Ye gods, there’s a lot going on in the world, such as:
Strike? A strike? Labor action by a bunch of pampered, overpaid athletes?
There is more assuredly precedent, at least in America, so people shouldn’t be horrified by such things if you know your sports history. But the prospect of no La Liga because of tax issues, frankly put, has my bloomers all in a bunch.
But my bloomers wouldn’t be the only ones in a bunch. Thong Boy, for example, would probably have his string turn into a cowlick, so high would his dudgeon be. Why? Because if the Spanish government has its way, the tax rate for furriners would rise to to 43 percent, from 24 percent.
Starting in 2010.
On the up side, we wouldn’t hear Andrei Arshavin nattering about how onerous the tax rate is in the Premiership, and wouldn’t it be nice if I were in Spain, where you make a paella and send it along as payment of your tax bill. Yum!
PM Jose Luis Zapatero is blathering about “level playing field,” blah, blah, blah.
King of Catalunya Joan Laporta, with a thunderbolt of wisdom straight from the brain of Zeus, said “This can damage the competitiveness of our football.” Get outta town.
He is also mightily vexed by the fact that the major pro leagues were not consulted. What does this mean in the short term? Nothing. Well, hardly anything, except for football players, like Formula One drivers, setting up Monaco as their principal residences. But the implications are potentially dire.
Laporta is wrong in thinking that the Liga won’t be able to attract top-tier players. It ain’t like England’s tax rate, at north of 40 percent, is exactly free day, right? France, by the by, is considering similar legislation. Think of it as some reverse Robin Hood stuff. Rock. But as we all know, players, their accountants and their entourages, have ways around that.
But you know why the clubs are so vexed about it? Because every player with a manager worth his salt, has signed a contract that pays his after-tax wages. So any tax bill increases accrue to the clubs, to the tune of, says LFP head Jose Luis Astiazaran, of about 100m. It doesn’t take a rocket scientist to see clubs such as us and Athletic Bilbao giggling, as we have lots of players who are most emphatically not furriners.
It is also said that the presently much lower tax rate gives Liga clubs an unfair advantage in recruitment of foreign players. This one is going to get sillier, before it gets resolved.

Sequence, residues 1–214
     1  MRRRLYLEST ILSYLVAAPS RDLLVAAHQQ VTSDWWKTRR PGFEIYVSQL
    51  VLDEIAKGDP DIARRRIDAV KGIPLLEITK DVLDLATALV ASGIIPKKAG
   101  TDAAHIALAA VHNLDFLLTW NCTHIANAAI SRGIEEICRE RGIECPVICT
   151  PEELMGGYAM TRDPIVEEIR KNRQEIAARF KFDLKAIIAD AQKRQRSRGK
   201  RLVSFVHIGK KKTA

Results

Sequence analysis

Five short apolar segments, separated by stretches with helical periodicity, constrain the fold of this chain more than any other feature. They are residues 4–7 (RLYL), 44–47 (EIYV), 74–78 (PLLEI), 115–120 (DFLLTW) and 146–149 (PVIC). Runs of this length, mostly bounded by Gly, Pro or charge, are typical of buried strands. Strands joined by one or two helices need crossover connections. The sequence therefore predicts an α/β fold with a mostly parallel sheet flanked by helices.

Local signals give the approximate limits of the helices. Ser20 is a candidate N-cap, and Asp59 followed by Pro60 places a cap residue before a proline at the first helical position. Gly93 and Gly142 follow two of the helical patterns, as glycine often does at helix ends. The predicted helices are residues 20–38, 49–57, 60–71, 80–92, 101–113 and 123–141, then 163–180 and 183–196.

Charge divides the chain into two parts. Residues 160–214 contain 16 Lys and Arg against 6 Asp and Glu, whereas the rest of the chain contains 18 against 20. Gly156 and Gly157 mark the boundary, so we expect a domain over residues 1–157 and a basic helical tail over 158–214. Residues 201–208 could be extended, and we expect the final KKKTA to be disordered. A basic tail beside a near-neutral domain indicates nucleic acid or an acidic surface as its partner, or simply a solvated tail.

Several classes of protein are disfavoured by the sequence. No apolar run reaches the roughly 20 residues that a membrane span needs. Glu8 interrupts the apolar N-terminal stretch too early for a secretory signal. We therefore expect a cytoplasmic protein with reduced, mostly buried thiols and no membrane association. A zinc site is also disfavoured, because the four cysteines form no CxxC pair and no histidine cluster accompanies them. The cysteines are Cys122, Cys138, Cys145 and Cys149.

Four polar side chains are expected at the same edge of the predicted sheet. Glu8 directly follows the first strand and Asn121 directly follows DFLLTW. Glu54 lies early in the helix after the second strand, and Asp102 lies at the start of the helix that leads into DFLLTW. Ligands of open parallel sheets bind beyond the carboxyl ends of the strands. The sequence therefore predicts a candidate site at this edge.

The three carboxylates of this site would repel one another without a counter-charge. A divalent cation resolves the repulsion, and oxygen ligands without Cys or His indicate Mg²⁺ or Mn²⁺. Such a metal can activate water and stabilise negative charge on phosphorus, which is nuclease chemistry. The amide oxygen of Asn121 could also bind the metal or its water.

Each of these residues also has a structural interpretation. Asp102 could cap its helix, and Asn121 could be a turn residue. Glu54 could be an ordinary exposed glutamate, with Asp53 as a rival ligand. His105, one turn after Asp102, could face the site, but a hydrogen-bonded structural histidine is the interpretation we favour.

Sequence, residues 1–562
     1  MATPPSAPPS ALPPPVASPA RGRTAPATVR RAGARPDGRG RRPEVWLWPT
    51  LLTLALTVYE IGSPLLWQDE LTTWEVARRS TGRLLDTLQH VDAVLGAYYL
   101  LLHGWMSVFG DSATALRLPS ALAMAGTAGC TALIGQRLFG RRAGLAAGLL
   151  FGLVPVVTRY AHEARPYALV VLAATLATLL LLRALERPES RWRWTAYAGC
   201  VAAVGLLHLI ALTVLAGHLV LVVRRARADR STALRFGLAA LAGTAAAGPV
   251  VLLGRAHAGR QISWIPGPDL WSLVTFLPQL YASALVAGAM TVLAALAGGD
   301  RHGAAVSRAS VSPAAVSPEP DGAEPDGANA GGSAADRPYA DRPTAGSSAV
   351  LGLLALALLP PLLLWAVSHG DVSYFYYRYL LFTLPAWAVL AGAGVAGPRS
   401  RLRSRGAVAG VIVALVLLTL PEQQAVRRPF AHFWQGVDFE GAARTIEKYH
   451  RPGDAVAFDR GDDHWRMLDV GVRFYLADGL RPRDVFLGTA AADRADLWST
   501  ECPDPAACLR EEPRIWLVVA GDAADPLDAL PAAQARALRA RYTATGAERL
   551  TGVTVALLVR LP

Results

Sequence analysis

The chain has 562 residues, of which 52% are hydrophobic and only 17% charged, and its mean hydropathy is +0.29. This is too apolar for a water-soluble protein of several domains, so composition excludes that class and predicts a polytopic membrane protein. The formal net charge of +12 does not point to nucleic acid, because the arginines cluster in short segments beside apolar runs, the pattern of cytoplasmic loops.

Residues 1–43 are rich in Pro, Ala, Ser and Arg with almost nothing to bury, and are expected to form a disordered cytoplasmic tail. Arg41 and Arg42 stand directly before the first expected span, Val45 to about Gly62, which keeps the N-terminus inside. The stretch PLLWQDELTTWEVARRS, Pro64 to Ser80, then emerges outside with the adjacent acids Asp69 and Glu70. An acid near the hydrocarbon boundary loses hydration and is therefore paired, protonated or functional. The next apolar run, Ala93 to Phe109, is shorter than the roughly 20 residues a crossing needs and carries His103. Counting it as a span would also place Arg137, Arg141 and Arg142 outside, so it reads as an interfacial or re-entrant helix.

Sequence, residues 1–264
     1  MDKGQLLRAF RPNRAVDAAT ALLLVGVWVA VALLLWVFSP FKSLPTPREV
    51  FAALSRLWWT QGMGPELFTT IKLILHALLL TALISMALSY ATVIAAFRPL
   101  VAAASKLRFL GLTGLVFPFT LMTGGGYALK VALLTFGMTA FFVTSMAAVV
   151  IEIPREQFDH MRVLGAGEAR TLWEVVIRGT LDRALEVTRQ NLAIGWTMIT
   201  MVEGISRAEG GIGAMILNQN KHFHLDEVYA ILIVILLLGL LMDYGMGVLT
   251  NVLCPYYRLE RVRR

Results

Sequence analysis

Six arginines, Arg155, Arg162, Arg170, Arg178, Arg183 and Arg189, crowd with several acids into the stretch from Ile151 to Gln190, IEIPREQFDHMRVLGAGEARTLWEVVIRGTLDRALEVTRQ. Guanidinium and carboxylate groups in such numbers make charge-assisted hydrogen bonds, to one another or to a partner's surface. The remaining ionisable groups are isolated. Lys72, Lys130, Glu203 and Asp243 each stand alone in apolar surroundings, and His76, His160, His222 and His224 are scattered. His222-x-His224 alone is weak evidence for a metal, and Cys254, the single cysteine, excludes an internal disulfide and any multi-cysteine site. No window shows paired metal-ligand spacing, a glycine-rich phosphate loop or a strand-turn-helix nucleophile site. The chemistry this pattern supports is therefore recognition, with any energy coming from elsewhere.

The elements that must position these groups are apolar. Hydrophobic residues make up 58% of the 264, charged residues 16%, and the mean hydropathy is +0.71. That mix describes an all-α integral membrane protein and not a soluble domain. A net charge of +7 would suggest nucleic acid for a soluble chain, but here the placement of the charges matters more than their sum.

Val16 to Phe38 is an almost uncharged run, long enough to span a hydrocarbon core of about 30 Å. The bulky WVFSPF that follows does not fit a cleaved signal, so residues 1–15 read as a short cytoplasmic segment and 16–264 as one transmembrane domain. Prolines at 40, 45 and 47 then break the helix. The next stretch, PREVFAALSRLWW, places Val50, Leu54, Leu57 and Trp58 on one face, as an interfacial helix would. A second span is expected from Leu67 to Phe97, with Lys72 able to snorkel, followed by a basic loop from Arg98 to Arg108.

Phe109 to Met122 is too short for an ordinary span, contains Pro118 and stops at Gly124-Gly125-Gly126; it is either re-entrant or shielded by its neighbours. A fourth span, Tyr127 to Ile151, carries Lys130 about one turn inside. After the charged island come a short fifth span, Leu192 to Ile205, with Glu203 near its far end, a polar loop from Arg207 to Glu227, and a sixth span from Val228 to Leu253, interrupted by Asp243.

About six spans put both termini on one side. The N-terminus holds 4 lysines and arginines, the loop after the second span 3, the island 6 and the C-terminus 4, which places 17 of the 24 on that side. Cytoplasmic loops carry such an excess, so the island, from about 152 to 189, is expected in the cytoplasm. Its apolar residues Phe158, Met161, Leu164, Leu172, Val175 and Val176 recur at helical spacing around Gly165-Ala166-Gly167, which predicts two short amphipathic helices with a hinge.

–And speaking of fancy-pants, revenue-enhancing folks, Leo Messi Management has swung into action, with the sole aim of maximizing the profile and bottom line of our diminutive Argy Bargy. His father, Jorge, and brother Rodgrio are directors. But look for the heavy lifting to be done by marketing whizzes Esteve Calzad and Pau Negre. Gotta do something, after all, to offset that big-ass tax bill.
–Ajax needs money, and Luis Suarez could be the answer. Like almost every big European club, rising transfer fees and player salaries haven’t been offset by significant gains in revenue. So rather than ginning up a phantom company, then having government bail them out (helllloooo, Valencia!), Ajax is going to consider selling tasty bits such as Suarez. 35m is the magic number that would have them stuff him in a suitcase, along with a “thank you” note.
–Rubin Kazan captain Sergei Simak says that with them being at home and feeling their oats, they are going to open up the match today. To that I say, do so and you will die. Swiftly and violently. But hey, what do I know?
–Is Keirrison going back to Brazil? Dunno, but buzz is that our technical staff is considering such a thing, which would be vastly preferable to him warming a seat on the pines at Benfica, where we (now admittedly) foolishly sent him on loan. “Pssst …. want one more forward? Five is a nice number. Thanks.” Obviously, not playing is a significant impediment to any young player’s development. Stay tuned.
–The BritPress just won’t stop. Apparently The Yaya is out of favor, and we are going to dump his untalented ass in January for substantially less than the 100m transfer fee. His most likely destination is Citeh, which is the real reason that Citeh supremo Mark Hughes was at the Osasuna match. Now this all makes sense. You would surely want, when you know that someone is coming to examine your suddenly unwanted baggage, leave that player on the bench rather than showing him off. Love it. Luuuuv it!
And guess what! Robinho would be what came in exchange. Wasn’t it Henry a while ago? Then Puyol before that? Just asking.
–Finally, if you believe Google Translator, according to Sport, Messi said “Winter is fucked.” Which is an appropriate sentiment, given that he is about to freeze his Argentine tetas in Rubin Kazan. 😀